Making and selling custom-made tables is a good business providing you can find the correct sales channels.
This business involves the designing and making of tables. These can vary from exotic wood “live edge” or “natural edge” (where the furniture designer or craftsperson incorporates the natural edge of the wood into the design of the piece) to epoxy resin and even a combination of both:
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If you are a talented artisan this is what will make and break this business: getting the sales channels right. The custom furniture supply chain often leaves the manufacturer with the least profits; it is one of those industries where the piece sell for 3 or more times what it was manufactured for, leaving the person who made it with the least profit. So you will often find a guy living in a township but he makes tables that end up selling for R20000 each.
Traditionally, there are a few reasons for this, access to sales channels: the manufacturer sells to a retailer and the retailer makes the bulk of the profit, not because they greedy, well that too, but because high-end furniture is sold in locations where shop rental is a premium and they sometimes takes months to sell. The internet has taken some barriers away enabling you to sell directly from factory. But you may still need distribution. People who buy expensive tables may not want to buy from you, even though it is the exact same table selling in a retail outlet like say Winston Sahd.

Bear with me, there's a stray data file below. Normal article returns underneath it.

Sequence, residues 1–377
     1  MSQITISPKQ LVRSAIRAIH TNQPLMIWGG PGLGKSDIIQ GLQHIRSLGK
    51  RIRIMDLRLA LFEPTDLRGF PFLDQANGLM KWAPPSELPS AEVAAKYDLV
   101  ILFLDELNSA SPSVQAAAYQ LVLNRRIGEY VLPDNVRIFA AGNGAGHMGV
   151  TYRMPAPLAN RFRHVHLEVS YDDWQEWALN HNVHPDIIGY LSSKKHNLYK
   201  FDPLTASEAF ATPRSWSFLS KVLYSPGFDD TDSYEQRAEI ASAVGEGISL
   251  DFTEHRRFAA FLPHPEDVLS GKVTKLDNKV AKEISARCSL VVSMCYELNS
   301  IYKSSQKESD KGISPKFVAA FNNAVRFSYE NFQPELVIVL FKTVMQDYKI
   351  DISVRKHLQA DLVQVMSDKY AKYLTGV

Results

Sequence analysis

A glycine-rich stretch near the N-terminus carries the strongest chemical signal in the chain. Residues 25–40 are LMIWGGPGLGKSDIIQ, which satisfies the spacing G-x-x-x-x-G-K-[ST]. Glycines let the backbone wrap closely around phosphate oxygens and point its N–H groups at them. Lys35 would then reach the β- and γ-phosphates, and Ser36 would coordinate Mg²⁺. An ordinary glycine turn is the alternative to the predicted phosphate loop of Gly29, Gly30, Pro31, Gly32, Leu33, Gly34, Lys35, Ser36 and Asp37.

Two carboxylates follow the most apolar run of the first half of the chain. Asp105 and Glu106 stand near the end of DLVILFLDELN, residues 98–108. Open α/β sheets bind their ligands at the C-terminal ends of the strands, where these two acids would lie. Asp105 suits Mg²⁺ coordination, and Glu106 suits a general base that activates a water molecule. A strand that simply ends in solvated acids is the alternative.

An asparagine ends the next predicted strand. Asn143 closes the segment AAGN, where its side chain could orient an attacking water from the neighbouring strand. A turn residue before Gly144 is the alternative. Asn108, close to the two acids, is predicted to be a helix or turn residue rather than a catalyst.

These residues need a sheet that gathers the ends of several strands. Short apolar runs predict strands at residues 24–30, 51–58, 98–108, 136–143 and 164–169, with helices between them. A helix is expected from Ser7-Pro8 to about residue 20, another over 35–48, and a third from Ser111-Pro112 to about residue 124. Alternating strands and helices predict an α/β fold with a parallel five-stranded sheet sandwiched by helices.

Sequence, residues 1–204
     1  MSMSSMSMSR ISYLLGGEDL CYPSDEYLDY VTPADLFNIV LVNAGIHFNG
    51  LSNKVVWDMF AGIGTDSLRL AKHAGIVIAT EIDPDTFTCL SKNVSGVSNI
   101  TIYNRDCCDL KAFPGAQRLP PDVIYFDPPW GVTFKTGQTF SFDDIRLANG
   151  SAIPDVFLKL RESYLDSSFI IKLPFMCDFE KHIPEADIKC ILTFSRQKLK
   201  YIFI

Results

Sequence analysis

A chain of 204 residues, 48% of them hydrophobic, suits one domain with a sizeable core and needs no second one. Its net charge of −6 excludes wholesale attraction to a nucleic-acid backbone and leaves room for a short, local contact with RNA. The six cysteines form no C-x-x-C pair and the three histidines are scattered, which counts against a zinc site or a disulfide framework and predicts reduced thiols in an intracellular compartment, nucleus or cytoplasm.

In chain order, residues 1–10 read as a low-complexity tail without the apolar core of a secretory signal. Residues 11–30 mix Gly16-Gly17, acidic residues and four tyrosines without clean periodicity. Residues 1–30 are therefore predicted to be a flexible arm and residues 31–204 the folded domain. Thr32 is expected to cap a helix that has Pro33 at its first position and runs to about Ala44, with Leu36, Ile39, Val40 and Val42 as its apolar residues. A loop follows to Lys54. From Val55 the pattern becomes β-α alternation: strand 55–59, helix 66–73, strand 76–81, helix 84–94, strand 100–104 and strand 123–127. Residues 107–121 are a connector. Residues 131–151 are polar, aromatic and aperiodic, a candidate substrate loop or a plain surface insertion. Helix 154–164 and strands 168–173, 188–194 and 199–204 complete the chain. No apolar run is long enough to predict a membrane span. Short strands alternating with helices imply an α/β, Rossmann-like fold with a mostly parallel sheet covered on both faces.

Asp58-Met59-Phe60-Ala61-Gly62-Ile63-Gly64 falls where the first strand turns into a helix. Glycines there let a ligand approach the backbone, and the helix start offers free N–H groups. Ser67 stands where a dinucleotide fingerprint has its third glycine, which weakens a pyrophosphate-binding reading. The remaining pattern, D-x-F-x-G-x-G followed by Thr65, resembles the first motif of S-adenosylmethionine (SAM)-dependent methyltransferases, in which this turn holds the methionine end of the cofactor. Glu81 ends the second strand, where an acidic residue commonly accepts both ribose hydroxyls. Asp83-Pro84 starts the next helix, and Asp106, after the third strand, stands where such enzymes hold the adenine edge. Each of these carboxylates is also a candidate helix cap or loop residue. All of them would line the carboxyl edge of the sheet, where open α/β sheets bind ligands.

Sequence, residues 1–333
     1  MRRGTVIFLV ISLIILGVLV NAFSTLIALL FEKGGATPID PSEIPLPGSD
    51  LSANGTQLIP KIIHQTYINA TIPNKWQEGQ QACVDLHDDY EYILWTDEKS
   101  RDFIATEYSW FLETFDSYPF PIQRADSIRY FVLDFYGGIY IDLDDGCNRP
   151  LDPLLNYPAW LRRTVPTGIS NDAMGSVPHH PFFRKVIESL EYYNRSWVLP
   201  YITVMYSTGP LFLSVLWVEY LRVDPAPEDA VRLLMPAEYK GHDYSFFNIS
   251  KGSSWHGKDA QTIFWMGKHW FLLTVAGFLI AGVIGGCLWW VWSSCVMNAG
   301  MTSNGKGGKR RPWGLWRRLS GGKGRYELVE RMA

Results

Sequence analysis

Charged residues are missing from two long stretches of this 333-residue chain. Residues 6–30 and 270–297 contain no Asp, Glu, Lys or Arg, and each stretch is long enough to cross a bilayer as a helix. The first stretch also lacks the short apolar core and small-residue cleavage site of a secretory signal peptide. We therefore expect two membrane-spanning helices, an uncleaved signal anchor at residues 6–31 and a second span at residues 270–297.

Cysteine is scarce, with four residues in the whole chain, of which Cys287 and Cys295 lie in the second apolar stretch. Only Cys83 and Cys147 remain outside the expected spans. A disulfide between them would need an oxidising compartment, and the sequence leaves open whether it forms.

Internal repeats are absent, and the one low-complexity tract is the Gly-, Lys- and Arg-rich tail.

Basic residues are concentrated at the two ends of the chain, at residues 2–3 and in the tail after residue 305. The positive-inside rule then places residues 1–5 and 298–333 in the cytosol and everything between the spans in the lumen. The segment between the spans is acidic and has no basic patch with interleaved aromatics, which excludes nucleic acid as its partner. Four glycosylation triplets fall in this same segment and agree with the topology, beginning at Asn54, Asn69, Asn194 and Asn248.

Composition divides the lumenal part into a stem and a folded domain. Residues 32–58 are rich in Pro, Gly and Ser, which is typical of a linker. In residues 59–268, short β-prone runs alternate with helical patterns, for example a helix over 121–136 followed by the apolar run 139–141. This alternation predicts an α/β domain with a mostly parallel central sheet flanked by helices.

Some manufacturers will be willing to take less profit to get their products into retail spaces – especially at high-end malls, and that sometimes makes sense. Let’s say you make a table for R5000 that has a retail value of R10000. Selling for R7000 to a retailer might be a better deal than selling it directly for R8000 as it might take longer to sell.
Providing a retailer on consignment is another thing to look at, but might be prohibitive for small businesses where cash flow is important and an item might take too long to sell.
The Matumi/Mingerhout (Scientific name: Breonadia salicina) tree produces a hard and heavy wood with beautiful yellow to light brown colours, which lends itself to the making of fine furniture.
For furniture making purposes the wood is cut in solid pieces through the diameter of the trunk to be used as unique counter or table tops. It is an example of “live edge” or “natural edge” furniture.
While tables can be made from tree trunks or even railway sleepers Matumi tables sell at a premium.
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Live Edge River Table Copyright John Malecki